Brand in a bottle

Americans are drinking more wine on-premise and are more knowledgeable about it—two trends that are spurring interest in private-label bottles. In 2013, wine volume nationwide jumped by 1.5 million cases to 297 million, according to the Wine Market Council. Much of that elbow action is in restaurants and bars, with some 60 percent of patrons ordering wine once a month or more, Technomic’s 2013 BarTab reports.

Some operators are trying to capitalize on that popularity by showcasing exclusive wines produced for the restaurant and sporting its logo. Private-label bottles, say a number of operators, are a competitive point of difference, something unique to offer guests and a better value than branded wines. “Private- label wines can allow a restaurant to further define and promote its own brand, bring something truly special to the guest and leverage the resources of a supplier partner,” says Donna Hood Crecca, Technomic senior director.

Since it opened in 2000, The Galaxy Restaurant in Wadsworth, Ohio, has served its own brand of house wines with the proprietary Galaxy label throughout its steakhouse, wine room, sports bar and banquet venues. The operator partners with a California-based wine company. “It’s a novelty; it’s our own label and guests love the wine,” says owner Sean Leatherman. Despite their selection of 50 wines by the glass and over 300 by the bottle, the Galaxy wines are the highest sellers. They go for an average $6 per glass and $24 per bottle, putting them in the lower price range on the list but not the least expensive.

“We sold over 400 cases of Galaxy wine last year,” says Leatherman. The four varietals accounted for roughly 40 percent of wines by the glass and about 22 percent of bottle sales. “They’re better quality than you’d expect in a sports bar, and the expected quality you’d want in a steakhouse and wine room.”

To celebrate its 10th anniversary last year, Matchbox Food Group developed its own red blend to serve in all 10 of its casual restaurants in the Washington, D.C., area. “We also wanted to come up with a wine that would go well with our wood-fired pizzas,” says partner Drew Kim. “My partners and I are all foodies, love wine and beer and have always talked about doing a private-label wine.”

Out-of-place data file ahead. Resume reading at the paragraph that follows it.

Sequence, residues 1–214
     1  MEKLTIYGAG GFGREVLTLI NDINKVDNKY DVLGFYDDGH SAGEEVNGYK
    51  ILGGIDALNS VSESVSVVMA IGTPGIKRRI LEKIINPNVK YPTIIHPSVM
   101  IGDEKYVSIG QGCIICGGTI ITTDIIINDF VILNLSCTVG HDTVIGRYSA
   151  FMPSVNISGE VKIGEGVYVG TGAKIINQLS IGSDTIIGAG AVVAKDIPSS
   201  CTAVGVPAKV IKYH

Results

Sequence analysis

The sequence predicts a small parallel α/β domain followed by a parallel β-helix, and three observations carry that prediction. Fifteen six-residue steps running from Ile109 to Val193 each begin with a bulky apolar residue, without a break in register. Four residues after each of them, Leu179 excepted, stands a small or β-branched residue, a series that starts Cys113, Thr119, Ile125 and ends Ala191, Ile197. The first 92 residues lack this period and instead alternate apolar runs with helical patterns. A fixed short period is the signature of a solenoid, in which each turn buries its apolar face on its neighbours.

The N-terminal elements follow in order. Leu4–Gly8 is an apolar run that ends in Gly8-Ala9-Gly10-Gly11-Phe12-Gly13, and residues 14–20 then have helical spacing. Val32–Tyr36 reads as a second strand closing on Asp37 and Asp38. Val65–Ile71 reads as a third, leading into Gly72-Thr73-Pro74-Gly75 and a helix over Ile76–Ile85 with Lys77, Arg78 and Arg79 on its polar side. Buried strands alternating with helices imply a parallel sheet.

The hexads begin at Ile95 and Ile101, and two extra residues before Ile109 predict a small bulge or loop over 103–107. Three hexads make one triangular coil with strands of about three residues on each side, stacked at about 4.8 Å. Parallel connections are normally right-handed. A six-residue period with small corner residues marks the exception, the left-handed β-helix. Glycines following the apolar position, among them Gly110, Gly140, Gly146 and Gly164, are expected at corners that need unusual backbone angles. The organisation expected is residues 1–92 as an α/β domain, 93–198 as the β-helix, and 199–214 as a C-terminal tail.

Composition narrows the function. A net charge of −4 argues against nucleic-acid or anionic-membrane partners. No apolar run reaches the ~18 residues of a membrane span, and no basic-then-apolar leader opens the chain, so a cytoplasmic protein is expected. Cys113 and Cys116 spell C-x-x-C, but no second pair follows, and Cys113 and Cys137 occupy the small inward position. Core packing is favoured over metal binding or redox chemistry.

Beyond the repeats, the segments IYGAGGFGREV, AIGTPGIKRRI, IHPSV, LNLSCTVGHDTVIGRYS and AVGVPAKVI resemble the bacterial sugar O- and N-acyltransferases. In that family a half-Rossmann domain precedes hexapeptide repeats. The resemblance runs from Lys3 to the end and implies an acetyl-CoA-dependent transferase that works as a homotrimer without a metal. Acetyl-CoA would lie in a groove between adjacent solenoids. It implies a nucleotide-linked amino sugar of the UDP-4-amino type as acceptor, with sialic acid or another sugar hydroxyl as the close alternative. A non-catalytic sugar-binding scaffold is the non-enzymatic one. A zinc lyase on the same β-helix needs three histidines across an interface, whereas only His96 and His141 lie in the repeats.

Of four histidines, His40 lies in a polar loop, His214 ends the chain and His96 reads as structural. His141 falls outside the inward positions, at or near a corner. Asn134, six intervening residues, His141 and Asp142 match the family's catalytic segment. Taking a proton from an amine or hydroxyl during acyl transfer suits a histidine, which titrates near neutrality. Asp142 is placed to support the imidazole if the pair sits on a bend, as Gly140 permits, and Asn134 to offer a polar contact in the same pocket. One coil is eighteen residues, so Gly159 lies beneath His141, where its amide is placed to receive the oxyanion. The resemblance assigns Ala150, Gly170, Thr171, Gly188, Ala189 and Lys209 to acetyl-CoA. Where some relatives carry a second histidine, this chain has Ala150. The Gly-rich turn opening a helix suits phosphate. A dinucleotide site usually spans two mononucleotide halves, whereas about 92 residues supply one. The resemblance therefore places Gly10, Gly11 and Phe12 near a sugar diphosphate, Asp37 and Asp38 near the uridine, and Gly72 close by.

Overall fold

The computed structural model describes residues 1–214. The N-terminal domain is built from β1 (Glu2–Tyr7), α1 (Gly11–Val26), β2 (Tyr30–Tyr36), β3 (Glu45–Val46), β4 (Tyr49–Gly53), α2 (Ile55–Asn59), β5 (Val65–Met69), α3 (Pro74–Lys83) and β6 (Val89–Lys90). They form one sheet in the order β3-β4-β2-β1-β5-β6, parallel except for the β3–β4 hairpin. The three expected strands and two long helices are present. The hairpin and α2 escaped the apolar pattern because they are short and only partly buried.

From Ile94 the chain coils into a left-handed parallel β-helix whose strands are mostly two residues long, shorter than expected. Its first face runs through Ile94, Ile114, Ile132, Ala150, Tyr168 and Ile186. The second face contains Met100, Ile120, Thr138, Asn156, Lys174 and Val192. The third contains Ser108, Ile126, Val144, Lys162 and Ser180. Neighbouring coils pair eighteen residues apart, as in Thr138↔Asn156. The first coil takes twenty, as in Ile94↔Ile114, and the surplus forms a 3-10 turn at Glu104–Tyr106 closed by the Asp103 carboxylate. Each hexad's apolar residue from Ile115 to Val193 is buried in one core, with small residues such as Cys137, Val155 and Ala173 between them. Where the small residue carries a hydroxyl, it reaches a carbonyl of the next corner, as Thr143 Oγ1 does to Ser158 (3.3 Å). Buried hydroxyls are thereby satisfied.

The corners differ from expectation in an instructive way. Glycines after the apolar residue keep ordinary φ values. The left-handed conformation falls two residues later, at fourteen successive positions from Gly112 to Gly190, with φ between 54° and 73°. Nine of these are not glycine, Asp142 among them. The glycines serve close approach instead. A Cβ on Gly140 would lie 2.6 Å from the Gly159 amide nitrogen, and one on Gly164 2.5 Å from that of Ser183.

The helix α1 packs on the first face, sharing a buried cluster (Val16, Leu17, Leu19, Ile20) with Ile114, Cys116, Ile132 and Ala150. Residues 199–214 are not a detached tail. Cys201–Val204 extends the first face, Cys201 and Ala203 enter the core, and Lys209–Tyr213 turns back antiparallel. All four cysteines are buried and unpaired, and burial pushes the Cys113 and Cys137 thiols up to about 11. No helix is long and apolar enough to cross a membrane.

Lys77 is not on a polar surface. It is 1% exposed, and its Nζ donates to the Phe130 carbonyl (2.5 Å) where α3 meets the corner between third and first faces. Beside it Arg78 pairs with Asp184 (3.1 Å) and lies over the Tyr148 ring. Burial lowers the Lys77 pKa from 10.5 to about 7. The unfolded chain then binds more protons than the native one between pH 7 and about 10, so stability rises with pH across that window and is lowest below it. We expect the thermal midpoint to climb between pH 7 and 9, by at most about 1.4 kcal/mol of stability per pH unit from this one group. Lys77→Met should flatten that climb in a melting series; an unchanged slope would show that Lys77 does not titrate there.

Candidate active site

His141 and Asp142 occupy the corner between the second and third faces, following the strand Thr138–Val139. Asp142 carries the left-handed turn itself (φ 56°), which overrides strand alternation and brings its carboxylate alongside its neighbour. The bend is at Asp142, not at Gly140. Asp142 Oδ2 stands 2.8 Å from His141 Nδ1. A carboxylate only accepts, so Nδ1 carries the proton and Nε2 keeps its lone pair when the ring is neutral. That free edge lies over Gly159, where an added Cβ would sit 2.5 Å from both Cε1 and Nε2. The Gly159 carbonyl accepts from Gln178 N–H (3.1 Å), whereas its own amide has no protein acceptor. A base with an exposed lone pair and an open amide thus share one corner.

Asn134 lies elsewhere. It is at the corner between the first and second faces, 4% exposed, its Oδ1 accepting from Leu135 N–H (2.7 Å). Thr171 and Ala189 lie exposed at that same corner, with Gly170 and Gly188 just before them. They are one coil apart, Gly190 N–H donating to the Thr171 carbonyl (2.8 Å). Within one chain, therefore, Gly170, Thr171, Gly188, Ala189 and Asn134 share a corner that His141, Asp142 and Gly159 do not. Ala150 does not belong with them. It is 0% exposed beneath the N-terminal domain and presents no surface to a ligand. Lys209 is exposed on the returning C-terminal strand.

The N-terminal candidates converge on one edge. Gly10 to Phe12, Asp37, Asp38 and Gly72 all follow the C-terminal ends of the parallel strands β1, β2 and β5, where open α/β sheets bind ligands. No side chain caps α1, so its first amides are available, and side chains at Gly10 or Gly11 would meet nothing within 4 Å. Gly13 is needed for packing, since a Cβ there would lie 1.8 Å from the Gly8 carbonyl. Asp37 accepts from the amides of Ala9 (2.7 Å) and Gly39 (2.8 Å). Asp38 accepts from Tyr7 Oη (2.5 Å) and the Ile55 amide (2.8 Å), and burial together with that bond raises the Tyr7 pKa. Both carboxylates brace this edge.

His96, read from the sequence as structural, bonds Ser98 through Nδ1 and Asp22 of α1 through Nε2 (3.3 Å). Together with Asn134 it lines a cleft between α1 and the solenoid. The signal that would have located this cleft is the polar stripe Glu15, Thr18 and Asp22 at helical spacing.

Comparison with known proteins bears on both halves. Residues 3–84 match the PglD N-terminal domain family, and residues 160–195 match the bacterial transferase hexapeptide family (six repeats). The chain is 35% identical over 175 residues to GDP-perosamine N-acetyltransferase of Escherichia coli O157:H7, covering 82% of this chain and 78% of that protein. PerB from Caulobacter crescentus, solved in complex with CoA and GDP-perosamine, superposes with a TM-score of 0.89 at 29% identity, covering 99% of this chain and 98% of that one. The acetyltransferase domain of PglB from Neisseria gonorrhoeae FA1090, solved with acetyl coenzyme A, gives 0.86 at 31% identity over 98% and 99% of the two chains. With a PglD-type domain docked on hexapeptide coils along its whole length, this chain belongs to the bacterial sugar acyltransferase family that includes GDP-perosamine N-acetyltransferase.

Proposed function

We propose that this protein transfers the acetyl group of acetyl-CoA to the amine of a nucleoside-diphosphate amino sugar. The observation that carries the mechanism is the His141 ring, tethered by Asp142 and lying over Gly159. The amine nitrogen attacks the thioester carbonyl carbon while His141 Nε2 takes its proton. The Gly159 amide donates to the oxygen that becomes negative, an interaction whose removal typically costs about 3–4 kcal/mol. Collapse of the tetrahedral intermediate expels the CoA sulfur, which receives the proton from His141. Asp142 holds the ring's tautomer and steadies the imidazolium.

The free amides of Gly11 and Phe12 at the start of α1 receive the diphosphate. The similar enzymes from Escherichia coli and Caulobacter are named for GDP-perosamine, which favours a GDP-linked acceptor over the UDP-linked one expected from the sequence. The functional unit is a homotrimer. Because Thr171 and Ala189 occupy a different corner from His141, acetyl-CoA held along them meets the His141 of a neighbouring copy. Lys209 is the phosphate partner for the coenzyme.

To get started, Kim and his partners turned to an old friend, noted California winemaker Jed Steele, who developed four samples for them to taste. They ordered a pallet of 225 cases of the winner, a 12-varietal blend (mostly zinfandel and syrah) from Lake County in northern California, and designed a celebratory label. Priced at $8 a glass and $28 a bottle, two-thirds of the order has already been sold in the restaurants since late last winter.

“The wine has been a huge hit. We are rifling through it,” says Kim. Part of the popularity is its quality and attractive price point, he notes; it falls into the lower-price section of the wine list. The other factor is exclusivity. “Matchbox Blend is a good value, and you can’t buy this wine at any retail store.”

Leatherman regards the private-label varietals as effective merchandising tools. “We use the wine in promotions around The Galaxy and include the logoed bottles in wine baskets as prizes, gifts or donations,” he says. “Guests who enjoy the wine at lunch or dinner will often buy a case at our retail store to take home.”

At Matchbox Food Group, Kim already is considering adding another private-label wine, as well as a private-label beer from a local brewery and a proprietary bean for its coffee program. “To have private labels on our menu is an awesome value for guests.” 

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